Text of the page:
Fixing the Cyber Security Problem

September 1, 2009

( -- Our flawed approach to cyber security needs a dramatic overhaul -- and courts should lead the way to reform, argues Edward Imwinkelried, a professor of law at the University of California, Davis, and one of the nation's leading experts on scientific evidence.

In an article in the September-October issue of Judicature, a refereed journal published by the American Judicature Society, Imwinkelried and co-author Michael Cherry call on courts to recognize that obsolete computer systems are a major cause of security breaches.

"As the courts probe (the) causative issues, it will become increasingly clear that computer systems' failure to embed automated alerts is the root problem," they write.

The authors contend that firms must be required to institute the following safeguards to prevent potentially devastating cyber security breaches:

• The ability to automatically detect when sensitive information is being inappropriately retrieved -- as the breach is occurring.

• The ability to instantly protect sensitive information from exposure on detection of a breach.

• ATMs and credit card readers should be tamper proof as well as transmitter free, and they ought to scramble (encrypt) the information that they read.

Recent large-scale breaches of at major companies such as Hannaford Farms, Heartland and Countrywide were not discovered until days, weeks or months after they occurred, the authors note.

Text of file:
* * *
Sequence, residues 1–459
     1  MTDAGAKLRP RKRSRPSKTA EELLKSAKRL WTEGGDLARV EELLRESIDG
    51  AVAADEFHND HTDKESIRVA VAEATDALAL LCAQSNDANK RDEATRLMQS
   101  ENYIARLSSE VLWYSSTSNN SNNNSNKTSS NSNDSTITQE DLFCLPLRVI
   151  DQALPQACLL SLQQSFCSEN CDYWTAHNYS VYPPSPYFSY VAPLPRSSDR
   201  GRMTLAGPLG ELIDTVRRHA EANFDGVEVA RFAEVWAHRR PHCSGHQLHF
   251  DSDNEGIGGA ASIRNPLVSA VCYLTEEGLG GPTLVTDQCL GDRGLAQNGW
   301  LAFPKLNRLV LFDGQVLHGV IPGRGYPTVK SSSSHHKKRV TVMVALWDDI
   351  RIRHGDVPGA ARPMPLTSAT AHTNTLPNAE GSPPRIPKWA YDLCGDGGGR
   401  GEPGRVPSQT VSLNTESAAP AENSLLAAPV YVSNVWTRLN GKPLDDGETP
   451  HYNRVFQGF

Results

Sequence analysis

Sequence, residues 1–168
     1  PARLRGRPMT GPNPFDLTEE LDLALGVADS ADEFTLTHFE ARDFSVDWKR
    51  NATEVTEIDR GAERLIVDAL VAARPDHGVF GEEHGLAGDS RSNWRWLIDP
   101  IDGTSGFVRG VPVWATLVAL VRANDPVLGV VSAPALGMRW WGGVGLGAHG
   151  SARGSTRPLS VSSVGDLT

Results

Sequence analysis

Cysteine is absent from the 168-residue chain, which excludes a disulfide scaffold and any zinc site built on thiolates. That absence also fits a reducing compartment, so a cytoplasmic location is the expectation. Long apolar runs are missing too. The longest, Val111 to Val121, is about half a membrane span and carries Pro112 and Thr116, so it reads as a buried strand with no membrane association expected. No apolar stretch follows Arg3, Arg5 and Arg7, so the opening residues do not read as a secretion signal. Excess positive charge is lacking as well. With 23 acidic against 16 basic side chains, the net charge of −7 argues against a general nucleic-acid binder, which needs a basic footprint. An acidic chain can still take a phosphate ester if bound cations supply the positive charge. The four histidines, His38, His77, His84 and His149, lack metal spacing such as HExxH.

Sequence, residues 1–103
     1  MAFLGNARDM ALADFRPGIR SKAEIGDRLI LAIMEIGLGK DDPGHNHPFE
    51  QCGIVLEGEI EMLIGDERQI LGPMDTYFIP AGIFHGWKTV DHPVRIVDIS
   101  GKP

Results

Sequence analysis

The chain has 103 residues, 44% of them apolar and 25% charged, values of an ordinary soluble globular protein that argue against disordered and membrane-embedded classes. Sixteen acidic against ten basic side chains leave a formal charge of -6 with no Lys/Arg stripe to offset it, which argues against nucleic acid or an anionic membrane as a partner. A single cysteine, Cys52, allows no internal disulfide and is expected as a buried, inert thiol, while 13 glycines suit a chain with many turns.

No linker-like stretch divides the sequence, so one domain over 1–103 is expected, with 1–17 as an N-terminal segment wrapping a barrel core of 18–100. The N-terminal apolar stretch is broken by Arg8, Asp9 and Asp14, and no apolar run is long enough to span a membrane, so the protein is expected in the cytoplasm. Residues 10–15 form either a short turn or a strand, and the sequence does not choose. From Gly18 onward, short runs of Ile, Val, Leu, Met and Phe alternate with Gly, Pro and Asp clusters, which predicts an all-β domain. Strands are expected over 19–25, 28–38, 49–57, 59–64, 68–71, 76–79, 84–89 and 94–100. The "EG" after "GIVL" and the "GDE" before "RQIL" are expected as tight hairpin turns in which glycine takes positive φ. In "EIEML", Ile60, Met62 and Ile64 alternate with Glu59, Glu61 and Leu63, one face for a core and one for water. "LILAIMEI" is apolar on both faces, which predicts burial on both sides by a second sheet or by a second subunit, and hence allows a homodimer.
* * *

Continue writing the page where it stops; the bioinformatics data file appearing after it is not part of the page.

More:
In past trials over cyber security breaches, Imwinkelried says that most arguments have focused on the extent to which companies employed external add-ons to safeguard the sensitive information of their clients and customers.

Instead, Imwinkelried urges courts and litigants to "move beyond the superficial question of add-ons."

"The problem of causation in computer security breach litigation runs far deeper than that," he says. "Systems that lack automated alerts are obsolete and need to be updated."

Imwinkelried stressed that the issue has broad significance beyond the courts. "Legislatures contemplating new statutory computer security mandates and companies hoping to upgrade their security should address this as well," he said.

Imwinkelried is the Edward Barrett Jr. Professor of Law at UC Davis and co-author of "Scientific Evidence," a leading treatise in the field that has been cited several times by the U.S. Supreme Court. Cherry is vice chair of the Digital Technology Committee of the National Association of Criminal Defense Lawyers and president of Cherry Biometrics, a Virginia-based consulting firm that advises corporate clients on of computer systems.

About UC Davis

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